Professional attacks, sometimes also known as “character assassinations”, are deliberate and sustained attacks that aim to destroy the credibility and reputation of a person in relation to their career or chosen profession. Such attacks usually involve raising false accusations, planting and fostering rumours, and manipulating information to discredit a person. These kinds of attacks are particularly difficult to prove through legal outlets. These types of attacks may include:
Former Walgreen chief financial officer Wade Miquelon filed a 2014 lawsuit against former Walgreen’s CEO, Greg Wasson, and director Stefano Pessina, the company’s biggest shareholder. The defamation suit claimed that the two defamed Miquelon in meetings with large shareholders. The contents of the meetings later became the subject of a Wall Street Journal profile, which Miquelon claimed negatively affected his prospects for future employment. Both Wasson and Pessina were noted to say they held Miquelon “personally responsible” for Walgreen’s 1 billion USD mistake that tainted the company’s financial disclosure.
Miquelon claimed that he was not pushed out of his position following a lower-than-expected forecast, but instead left after six years due to reasons that were cited as, “personal, based on his desire to pursue opportunities outside of Walgreen.” He said in the lawsuit that he believed Walgreens executives unfairly defamed him after he resisted moving company headquarters abroad in a tax inversion maneuver.
Professional attacks sometimes result in the attacker contacting a person’s place of employment, school they have applied to, or a membership-based organisation in order to tarnish the person’s reputation, potentially leading to being fired or not admitted. Such attacks are often fueled by a desire for revenge after a person was rejected, and seek to inflict maximal harm; if professional attacks go too far, they can lead to a financial harm. If the attack takes place online, it may cost a considerable amount to get the statements or comments removed from others finding them.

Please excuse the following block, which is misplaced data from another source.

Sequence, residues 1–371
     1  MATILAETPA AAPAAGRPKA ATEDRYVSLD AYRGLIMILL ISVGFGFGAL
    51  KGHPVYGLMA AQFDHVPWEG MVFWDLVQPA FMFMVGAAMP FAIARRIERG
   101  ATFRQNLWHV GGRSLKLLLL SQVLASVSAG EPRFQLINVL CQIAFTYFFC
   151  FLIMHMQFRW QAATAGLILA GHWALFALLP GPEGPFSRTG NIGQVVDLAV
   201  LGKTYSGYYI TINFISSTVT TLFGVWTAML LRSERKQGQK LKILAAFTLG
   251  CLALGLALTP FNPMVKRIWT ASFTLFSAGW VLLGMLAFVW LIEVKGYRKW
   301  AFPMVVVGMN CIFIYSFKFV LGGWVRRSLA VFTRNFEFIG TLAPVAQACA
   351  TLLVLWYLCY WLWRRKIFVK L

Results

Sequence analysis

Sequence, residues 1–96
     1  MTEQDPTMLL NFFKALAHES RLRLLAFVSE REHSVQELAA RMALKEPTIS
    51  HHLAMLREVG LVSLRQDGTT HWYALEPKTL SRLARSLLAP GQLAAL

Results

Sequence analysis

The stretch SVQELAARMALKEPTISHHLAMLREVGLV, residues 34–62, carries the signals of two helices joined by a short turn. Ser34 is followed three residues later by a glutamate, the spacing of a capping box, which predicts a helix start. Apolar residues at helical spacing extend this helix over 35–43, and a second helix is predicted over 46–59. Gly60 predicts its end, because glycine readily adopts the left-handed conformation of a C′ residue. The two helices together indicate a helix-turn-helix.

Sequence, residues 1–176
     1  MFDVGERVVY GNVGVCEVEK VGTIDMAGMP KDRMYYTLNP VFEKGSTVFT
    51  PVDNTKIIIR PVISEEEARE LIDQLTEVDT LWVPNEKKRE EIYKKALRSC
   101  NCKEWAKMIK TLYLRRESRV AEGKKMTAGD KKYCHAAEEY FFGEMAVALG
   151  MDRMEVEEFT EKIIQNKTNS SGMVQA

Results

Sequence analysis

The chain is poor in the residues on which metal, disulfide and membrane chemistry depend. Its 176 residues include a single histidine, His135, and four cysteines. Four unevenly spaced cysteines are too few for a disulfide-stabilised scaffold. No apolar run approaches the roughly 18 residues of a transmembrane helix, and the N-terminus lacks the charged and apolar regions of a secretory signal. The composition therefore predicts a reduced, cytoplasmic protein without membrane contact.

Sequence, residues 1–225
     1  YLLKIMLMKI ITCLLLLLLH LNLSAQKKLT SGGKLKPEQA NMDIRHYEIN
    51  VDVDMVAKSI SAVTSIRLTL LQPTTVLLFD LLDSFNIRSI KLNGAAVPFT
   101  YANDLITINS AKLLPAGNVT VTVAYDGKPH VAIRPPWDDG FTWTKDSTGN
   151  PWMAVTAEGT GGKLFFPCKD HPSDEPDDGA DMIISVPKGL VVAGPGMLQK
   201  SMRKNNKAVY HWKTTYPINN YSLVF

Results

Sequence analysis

First, the extremity of the reputation attack must be taken into account: a person expressing a negative opinion about you, or sharing an embarrassing story about you is not the same as making a false and defamatory statement that may cost you a job. There is also a line between defamation and harassment or bullying (note: to understand the nuances, you may want to consult with an experienced legal professional).
Professional defamation is often difficult to prove in legal courts, because in most instances there has to be clear evidence the false statement was made knowingly and recklessly, and that it did damage to your reputation (e.g., loss of a job). However, if you feel there are sufficient grounds to press forward with action, documentation is vital. Create a file and save as much evidence as possible.
If you learn that someone has contacted your workplace or such in order to discredit you, your first step should be to document the incident: name all involved, what was said (verbatim, if possible), and note the date, time, and place. The most constructive route is to have a conversation with a human resources or alike representative (if you are in school, this could be a dean, head of a department, or teacher) but do not directly engage with the person threatening your reputation. Likely, by the time such harassment escalates to your professional life, police or legal authorities can be contacted.